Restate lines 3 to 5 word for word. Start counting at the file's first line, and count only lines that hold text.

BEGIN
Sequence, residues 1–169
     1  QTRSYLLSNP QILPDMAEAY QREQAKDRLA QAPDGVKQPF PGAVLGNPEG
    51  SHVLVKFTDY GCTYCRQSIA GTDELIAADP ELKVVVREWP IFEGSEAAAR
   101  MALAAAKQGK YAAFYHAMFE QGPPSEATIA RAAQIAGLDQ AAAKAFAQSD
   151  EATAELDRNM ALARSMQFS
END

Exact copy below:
    51  SHVLVKFTDY GCTYCRQSIA GTDELIAADP ELKVVVREWP IFEGSEAAAR
   101  MALAAAKQGK YAAFYHAMFE QGPPSEATIA RAAQIAGLDQ AAAKAFAQSD
   151  EATAELDRNM ALARSMQFS